With the recent demise of Google’s Stadia, cloud game streaming has taken a bit of a hit in 2022. While Stadia had some very impressive streaming technology, Google decided to pull the plug on its minimal-hardware gaming service last month. That doesn’t exactly stop competitor Microsoft from continuing to innovate with its comparable Xbox Cloud Gaming beta.
You can currently stream Game Pass titles on mobile devices such as tablets and phones, and now perhaps most excitingly, on several of Samsung’s latest Neo QLED TVs. I specifically tested the 65-inch QN95B and imagine my surprise when I booted up the Gaming Hub from the screen and saw both an Xbox app and a Stadia app sitting side by side. Obviously, the Stadia app is now a digital paperweight. An Amazon Luna app is also present, but is anyone actually gaming on that service?
Pairing a wireless Xbox controller with the QN95B is very easy, and through some sort of voodoo magic, a gamepad is all you need to play Xbox games on the TV. This is the first charm of cloud streaming integration: no need for a real Xbox console. All the gaming is pumped to the screen remotely, and the lack of extras like an HDMI cable and AC cord for a dedicated game box results in a glorious lack of clutter.
Unsurprisingly, the Xbox Samsung app works just like any smartphone. You log in with your account and if you have paid the correct subscription fee to your Microsoft overlords you will be presented with a nice selection of games that can be played over the internet. Picking one will take you to the now infamous green missile loading screen, which lasts no more than a few seconds. Suddenly you’re playing a game through your TV with no local hardware in sight.
The madness of that particular moment makes this leap in technology very cool. If you had told me twenty years ago that one day I wouldn’t even need a console to play console games in my living room, I would have accused you of gaming witchcraft. Unfortunately, the actual experience of gaming over the cloud is a decidedly less magical undertaking.
First, the resolution is still locked to 1080p, which is a travesty on a powerful 4K display like the QN95B. Additionally (and probably most importantly) there remains an annoying input lag. It’s not terribleper say, but more noticeable in nervous shooters like Halo Infinite and outsiders. Plugging in an Ethernet cable helps a little, but not much. Over 5GHz Wi-Fi, gaming is what I would call usable, especially for lower stakes titles like Psychonauts 2.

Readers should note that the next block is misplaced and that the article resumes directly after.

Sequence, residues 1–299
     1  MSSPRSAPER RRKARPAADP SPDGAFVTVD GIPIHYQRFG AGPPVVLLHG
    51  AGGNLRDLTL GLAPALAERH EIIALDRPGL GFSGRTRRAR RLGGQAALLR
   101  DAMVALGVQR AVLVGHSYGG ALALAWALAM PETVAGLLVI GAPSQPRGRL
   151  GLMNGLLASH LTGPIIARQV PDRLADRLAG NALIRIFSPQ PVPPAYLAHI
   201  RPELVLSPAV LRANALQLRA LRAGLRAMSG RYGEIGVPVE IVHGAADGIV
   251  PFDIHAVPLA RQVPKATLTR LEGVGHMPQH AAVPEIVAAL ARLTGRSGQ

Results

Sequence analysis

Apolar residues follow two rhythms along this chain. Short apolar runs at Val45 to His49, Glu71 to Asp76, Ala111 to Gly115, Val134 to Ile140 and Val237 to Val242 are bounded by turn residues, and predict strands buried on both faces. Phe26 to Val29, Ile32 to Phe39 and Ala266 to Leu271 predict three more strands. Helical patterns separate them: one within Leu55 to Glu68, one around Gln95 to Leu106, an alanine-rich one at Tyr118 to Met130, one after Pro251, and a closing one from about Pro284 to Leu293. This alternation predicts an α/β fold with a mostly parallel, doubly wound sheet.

After trying out the cloud streaming, I plugged in my Xbox Series X and was blown away by the huge difference in quality, and expectedly because of the powerful local hardware and a fast HDMI connection. Even the audio went beyond the TV’s built-in Xbox app. And it goes without saying that even when using a wireless Xbox controller over a real Xbox, the input lag was practically non-existent.
So, where is this quirky new game feature? I’d say somewhere between sheer necessity and impressive novelty, and that’s how I see cloud gaming in general, and it’s not Samsung’s fault. Until Microsoft ups the streaming resolution to 4K and somehow eliminates the controller lag, I don’t understand why you would choose the cloud over using real hardware. Unless you can somehow afford an expensive television, but not an expensive Xbox. That’s a pretty narrow market to target.
Even then, I really like that ambition of this sort of thing and it’s fun to think about where this technology will be in five or ten years. I envision an eventual world where consoles are a thing of the past and we all stream our games through our TVs, but in terms of quality experiences, I think that remarkable day is still a long way off.
Otherwise, the QN95B is a incredible Screen. I’m so glad Samsung has brought back an even slimmer One Connect box with this model, which fits right behind the screen on the included metal stand. Local gaming on this TV looks absolutely gorgeous and the black levels, while not perfect, are pretty excellent.
The only thing I don’t care about is how the built-in speakers rattle the plastic housing of the TV at certain frequencies, and quite annoying. This issue is completely circumvented if you plug in a separate soundbar (something I’d recommend with just about any panel you buy), but it was a disappointing revelation nonetheless.
Again, you can’t really go wrong with a solid QLED in 2022. Just don’t expect the cloud gaming integration to change your mind about where to play your Game Pass titles.
Disclaimer: Samsung has provided a review unit for coverage purposes.